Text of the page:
Sunday , October 08, 2017 - 4:30 AM3 comments
When a Utah police officer takes a life, that officer goes home to recover from the trauma of a violent act.
Except in Davis County.
In Davis County, a sheriff’s officer involved in a fatal shooting is sent to a luxury hotel in Deer Valley. Or at least to a hotel in Salt Lake City.
Sheriff Todd Richardson considers a hotel stay vital to an officer’s well-being in the aftermath of a deadly encounter. Virtually no other sheriff or police chief in Utah follows the same protocol.
Which legitimately calls into question Richardson’s management of taxpayer money.
Auditors found that after a fatal 2015 shooting in Syracuse, Richardson sent two deputies to Salt Lake City. Their hotel stays cost a combined $307.
Then, following a fatal shooting Aug. 3, 2016, in Clearfield, auditors discovered Richardson had his staff book a deputy two nights at a luxury suite at Stein Eriksen Lodge in Deer Valley. The room cost $862.
Richardson called it a fluke. An outdoor retailer show in Salt Lake City made rooms difficult to find, he said. A hot tub suite in Deer Valley was his only choice.
“We probably spent more money on senior officers’ time” attempting to find a cheaper room, he told Mark Shenefelt, a reporter for the Standard-Examiner.
Motels line Interstate 15 between Farmington and Ogden. None charges $431 a night, according to a quick Google search.
If his intent was to stash his deputy away from prying family and media for two nights, Richardson overspent by about $700.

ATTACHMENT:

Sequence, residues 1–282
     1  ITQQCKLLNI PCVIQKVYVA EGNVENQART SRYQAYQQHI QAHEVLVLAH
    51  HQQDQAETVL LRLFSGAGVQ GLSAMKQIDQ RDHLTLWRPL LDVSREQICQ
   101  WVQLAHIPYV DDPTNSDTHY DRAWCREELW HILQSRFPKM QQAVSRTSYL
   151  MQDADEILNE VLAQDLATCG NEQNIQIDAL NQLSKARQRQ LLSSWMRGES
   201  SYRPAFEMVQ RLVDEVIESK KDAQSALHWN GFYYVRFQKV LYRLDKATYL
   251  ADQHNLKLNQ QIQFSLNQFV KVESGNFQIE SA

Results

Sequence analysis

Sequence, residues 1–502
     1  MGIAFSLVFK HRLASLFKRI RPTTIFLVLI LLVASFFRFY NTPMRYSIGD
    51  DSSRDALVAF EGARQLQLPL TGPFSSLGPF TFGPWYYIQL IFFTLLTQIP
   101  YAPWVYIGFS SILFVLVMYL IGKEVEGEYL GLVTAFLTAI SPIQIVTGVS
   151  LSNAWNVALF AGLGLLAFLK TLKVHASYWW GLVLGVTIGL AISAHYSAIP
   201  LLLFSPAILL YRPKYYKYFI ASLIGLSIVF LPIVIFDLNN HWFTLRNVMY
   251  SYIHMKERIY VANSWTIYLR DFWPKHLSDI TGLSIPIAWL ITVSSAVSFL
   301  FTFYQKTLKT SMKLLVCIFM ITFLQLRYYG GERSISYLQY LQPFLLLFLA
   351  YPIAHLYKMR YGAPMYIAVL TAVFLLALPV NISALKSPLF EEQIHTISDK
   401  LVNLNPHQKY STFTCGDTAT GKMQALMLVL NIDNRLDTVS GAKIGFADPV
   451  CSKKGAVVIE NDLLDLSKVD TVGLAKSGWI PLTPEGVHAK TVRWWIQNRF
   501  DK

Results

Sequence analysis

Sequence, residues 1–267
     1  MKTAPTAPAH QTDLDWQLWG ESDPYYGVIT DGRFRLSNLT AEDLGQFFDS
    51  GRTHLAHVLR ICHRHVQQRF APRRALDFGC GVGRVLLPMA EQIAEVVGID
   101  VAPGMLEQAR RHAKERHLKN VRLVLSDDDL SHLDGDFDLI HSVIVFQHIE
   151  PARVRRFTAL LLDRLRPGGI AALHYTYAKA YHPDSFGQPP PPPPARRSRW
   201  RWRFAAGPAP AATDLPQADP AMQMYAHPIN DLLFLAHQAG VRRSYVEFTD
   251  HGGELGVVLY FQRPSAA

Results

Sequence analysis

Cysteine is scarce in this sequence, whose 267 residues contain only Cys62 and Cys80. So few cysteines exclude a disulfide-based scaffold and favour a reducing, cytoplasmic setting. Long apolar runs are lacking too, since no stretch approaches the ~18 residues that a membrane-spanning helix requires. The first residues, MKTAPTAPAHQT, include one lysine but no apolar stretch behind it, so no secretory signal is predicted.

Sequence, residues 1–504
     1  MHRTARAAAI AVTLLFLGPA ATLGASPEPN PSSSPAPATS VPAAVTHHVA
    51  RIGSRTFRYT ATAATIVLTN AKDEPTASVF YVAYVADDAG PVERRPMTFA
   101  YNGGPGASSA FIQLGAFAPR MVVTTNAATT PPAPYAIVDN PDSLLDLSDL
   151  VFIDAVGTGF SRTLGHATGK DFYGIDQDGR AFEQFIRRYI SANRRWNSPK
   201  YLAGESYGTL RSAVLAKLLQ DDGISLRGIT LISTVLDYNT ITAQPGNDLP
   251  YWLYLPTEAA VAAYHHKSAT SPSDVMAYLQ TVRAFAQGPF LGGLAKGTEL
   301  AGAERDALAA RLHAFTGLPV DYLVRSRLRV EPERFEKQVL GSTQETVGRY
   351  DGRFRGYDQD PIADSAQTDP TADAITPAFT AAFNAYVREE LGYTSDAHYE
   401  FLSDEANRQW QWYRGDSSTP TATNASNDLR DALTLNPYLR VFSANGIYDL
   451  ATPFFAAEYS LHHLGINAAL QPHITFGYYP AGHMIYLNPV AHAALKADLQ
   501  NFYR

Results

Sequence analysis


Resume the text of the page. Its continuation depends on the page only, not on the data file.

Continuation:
Travel spending is his prerogative, Richardson said. Davis County Clerk-Auditor Curtis Koch agrees, but he also points out that under county policy, spending nearly $1,200 to put up three deputies in area hotels is questionable.
Richardson simply doesn’t care.
“There is not enough understanding of what it feels like to pull the trigger on someone,” Richardson said. “All they (auditors) know is the dollars.”
Other sheriffs know, however. So do police chiefs. And with one possible exception, they don’t send their officers to hotels after fatal shootings.
“We have not ever sent anyone away or paid for a hotel or anything after a deadly force encounter,” said Lt. Nathan Hutchinson, spokesman for the Weber County Sheriff’s Office.
Aaron Kennard, executive director of the Utah Sheriff’s Association, said he “would not presume” to second-guess a sheriff. Still, Kennard said, he’s never heard of putting deputies up in hotel rooms after shootings.
Kenard previously served as sheriff in Salt Lake County, where officers involved in shootings received “all the help needed,” he told Shenefelt. “We’d put them on paid leave and make sure help was available 24-7, but we did not restrict their movements.
“My own personal feeling, being a cop for 40-plus years, the environment most conducive to recovery is family, friends and their natural environment,” he concluded.
One department does occasionally put officers up in hotels — the Ogden Police Department.
“We do not have a policy,” Capt. Danielle Croyle said in an email. “We have rented a room locally to have officers stay during the initial phase” of an investigation, she said, but it “depends on each circumstance.”
Counties establish spending policies to ensure efficient and ethical government. Auditors make sure county agencies adhere to those policies. By accusing auditors of only caring about “dollars,” Richardson shows contempt not only for Koch, but for the voters who elected him and the taxpayers who fund his department.
Essentially, he argues that he’s above question.
But he’s not. Not after making it a policy to send deputies to hotels after fatal shootings, when it isn’t standard Utah practice.
And not after spending almost $900 to put up a deputy at a luxury ski resort.
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